The Tales from Elm Street series has been a delight for Freddy since its debut back in 2011.
Actor Roberto Lombardi and Director Chris R. Notarile are bringing the curtain down on the series with New Tale: The Demon of Elm Street.
We caught up with Roberto, who dons the famous finger knives to talk through his final trip down Elm Street.
Did you take inspiration from New Nightmare for the next chapter of Tales from Elm Street?
Yes, absolutely. We were inspired by the meta theme of New Nightmare. We just tailored that theme to fit our Krueger series.
When did you and Director Chris R Notarile decide to make this the final chapter of the series?
After we completed The Legend of Elm Street we really felt we had explored every avenue of an Elm Street prequel without spoiling our prequel feature script. But, fan demand had us rethink that and we started discussing a 6th film in late 2018. Then Chris R. Notarile came up with New Tale and it really captured a fitting end to the series.
What has it been like playing Freddy for you?
Playing Freddy has been surreal to say the least! The positives are that Elm Street fans have been truly amazing and supportive of me in the role. Krueger has put me in the public eye world wide and I’m truly thankful for it. Not bad as we had no plans to make a series after the 2011 short!
The negatives are few and far between! I’m constantly compared to Robert Englund as some people think I copy him because we resemble. That’s really the only negative. I’ve been really lucky!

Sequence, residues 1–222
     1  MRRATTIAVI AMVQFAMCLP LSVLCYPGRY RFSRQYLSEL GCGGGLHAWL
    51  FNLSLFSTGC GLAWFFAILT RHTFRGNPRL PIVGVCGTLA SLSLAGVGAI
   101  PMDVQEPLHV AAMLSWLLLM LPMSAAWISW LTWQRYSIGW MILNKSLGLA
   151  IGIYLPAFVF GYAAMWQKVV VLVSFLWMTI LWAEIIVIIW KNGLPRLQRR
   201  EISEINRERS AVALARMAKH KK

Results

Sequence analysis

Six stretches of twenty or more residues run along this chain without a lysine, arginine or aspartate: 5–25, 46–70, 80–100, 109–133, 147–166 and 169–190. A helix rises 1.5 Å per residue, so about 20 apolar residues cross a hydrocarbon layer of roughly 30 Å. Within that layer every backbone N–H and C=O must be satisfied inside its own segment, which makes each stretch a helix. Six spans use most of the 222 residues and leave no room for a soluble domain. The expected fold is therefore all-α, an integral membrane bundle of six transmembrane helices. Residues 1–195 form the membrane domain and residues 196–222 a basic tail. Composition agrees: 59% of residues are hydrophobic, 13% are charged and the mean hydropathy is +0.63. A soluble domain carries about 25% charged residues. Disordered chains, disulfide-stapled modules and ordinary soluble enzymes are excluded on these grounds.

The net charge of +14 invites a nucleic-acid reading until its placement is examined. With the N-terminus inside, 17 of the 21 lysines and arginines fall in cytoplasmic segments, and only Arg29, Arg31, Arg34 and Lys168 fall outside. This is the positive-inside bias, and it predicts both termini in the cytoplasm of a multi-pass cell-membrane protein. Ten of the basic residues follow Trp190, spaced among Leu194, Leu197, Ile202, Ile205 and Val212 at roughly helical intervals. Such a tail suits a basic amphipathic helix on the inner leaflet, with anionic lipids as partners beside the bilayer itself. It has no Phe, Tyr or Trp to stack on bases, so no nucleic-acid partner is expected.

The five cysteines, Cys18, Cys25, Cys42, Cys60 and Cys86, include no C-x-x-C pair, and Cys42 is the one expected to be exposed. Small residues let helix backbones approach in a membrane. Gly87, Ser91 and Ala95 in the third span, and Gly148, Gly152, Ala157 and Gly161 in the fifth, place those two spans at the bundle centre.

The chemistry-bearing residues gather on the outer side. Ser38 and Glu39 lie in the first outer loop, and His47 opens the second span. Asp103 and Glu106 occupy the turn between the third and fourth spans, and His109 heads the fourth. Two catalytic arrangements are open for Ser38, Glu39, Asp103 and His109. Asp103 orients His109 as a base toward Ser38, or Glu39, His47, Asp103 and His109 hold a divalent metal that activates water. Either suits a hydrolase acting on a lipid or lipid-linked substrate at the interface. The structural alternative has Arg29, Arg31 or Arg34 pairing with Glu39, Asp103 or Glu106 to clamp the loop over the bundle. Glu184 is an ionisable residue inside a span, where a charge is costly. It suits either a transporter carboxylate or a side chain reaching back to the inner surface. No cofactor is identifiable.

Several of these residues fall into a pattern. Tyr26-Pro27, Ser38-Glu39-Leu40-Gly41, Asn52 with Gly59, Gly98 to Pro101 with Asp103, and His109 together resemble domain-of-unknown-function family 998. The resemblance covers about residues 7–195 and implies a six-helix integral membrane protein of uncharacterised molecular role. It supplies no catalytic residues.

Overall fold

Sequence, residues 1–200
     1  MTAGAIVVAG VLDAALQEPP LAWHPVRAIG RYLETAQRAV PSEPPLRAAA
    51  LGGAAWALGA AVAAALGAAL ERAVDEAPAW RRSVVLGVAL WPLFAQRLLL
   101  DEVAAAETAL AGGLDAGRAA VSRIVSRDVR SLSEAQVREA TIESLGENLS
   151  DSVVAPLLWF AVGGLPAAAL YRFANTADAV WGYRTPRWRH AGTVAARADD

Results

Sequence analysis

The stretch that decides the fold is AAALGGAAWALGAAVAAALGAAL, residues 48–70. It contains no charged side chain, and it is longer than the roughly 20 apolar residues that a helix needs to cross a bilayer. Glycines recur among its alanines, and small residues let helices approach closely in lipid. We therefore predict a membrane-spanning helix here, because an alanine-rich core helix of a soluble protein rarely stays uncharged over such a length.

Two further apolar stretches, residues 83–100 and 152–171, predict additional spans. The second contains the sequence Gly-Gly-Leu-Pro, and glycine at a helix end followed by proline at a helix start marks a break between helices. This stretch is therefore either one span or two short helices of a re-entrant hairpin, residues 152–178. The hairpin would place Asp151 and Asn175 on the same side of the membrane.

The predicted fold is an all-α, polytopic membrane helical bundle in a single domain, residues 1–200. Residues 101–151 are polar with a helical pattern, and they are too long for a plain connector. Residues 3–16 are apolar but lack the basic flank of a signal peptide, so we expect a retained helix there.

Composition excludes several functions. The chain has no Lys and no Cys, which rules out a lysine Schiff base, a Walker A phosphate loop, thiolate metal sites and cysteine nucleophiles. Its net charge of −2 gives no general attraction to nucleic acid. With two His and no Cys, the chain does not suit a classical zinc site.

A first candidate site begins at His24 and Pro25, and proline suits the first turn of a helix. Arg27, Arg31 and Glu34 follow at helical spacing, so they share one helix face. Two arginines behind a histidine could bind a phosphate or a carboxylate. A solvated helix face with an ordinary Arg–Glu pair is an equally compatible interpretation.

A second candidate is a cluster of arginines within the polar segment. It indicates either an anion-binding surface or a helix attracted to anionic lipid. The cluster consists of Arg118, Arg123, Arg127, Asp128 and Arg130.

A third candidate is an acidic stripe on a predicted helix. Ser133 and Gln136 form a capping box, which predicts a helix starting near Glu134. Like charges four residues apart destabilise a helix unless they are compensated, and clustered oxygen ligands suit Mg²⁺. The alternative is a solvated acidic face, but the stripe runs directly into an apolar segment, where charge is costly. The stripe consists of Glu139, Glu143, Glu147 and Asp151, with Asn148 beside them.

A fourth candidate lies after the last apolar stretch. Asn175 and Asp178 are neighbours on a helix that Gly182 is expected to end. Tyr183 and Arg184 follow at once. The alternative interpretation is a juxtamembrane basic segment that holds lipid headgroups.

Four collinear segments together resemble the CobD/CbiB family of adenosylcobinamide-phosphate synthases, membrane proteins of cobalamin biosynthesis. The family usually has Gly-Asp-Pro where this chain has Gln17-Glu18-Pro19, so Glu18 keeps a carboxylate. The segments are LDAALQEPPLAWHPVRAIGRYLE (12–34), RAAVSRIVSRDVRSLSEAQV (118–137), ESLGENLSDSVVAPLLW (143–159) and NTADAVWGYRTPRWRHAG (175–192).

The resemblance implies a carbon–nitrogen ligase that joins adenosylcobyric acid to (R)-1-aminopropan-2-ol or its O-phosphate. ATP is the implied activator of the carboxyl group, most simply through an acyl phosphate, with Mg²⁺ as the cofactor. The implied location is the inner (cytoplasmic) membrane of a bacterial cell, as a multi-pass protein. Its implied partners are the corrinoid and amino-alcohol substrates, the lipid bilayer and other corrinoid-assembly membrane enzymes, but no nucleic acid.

How is this story different than what’s come before?
Technically, New Tale is still a prequel. Though it doesn’t follow the five previous episodes storylines. I play a version of myself and I play Krueger. We face off against each other. It was the first time I acted with myself!
How much of previous incarnations of Freddy do you put into your performance?
On the first film in 2011 I used elements of the 1984 film, Dream Warriors and New Nightmare. Mainly because it was more of an homage and I wanted an unburned, alive Freddy to be recognizable to audiences. Starting with the second film, I really started playing Freddy my own way with only hints of some recognizable Freddy traits. I didn’t want to cosplay. Sort of like when Julianne Moore took over for Jodie Foster playing Clarice Starling.
What was it like when you put on the Freddy makeup for the role?
Uncomfortable! For the 5th film I sat in the makeup chair for a couple of hours per application. For New Tale it was more like 2-3 hours. It’s latex and cotton with coloring on top and covered my entire head and neck. I wore it for almost entire filming days at a time. It’s not easy to remove and I lost a little skin in the process.
What can you recall about your first meeting with Chris about playing such an iconic character?
We were returning from either a film event or shoot in New York City in early 2011 when Chris asked if I was interested in playing Freddy Krueger in a prequel. As a long time Elm Street fan I jumped the chance! Especially since it was a prequel and largely untapped material.
What’s the best compliment you’ve had from Nightmare fans?
When fans tell me that even though I play Freddy my own way, they still see Krueger the character and not an imitation. That means a lot me and it’s greatly appreciated.
The Nightmare remake turns 10 next year, what do you think went wrong with their incarnation of the story?
I think the biggest mistakes made on the remake were undeveloped, unsympathetic characters and poor research. Why was Freddy in a boiler room when he molested kids in a school? Also, the poor recreations of classic Elm Street effects. That said, Jackie Earle Haley is a terrific actor and did the best with what he had to work with.
New Tale: Demon of Elm Street will premiere on YouTube on 6th June.